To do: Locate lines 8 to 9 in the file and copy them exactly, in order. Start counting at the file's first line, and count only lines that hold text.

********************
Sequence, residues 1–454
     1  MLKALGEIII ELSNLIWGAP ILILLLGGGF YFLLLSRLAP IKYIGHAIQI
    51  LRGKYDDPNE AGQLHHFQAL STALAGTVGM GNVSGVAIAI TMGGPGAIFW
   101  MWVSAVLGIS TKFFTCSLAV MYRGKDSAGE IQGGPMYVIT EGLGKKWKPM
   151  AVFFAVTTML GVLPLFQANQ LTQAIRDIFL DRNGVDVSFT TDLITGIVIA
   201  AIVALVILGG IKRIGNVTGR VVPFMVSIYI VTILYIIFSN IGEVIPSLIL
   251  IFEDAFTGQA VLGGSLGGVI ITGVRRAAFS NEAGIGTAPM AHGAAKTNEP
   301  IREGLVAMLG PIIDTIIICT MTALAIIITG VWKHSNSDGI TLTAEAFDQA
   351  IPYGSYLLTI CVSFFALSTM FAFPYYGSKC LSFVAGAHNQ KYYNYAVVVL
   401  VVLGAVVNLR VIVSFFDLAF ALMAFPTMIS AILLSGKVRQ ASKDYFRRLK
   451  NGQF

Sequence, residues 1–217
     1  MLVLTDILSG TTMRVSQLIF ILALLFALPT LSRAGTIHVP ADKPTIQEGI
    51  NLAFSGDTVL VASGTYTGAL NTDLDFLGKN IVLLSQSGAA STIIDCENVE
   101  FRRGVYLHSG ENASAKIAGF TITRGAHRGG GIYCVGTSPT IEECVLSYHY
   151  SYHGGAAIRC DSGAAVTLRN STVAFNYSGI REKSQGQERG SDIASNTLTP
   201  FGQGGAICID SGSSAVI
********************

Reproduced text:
   301  IREGLVAMLG PIIDTIIICT MTALAIIITG VWKHSNSDGI TLTAEAFDQA
   351  IPYGSYLLTI CVSFFALSTM FAFPYYGSKC LSFVAGAHNQ KYYNYAVVVL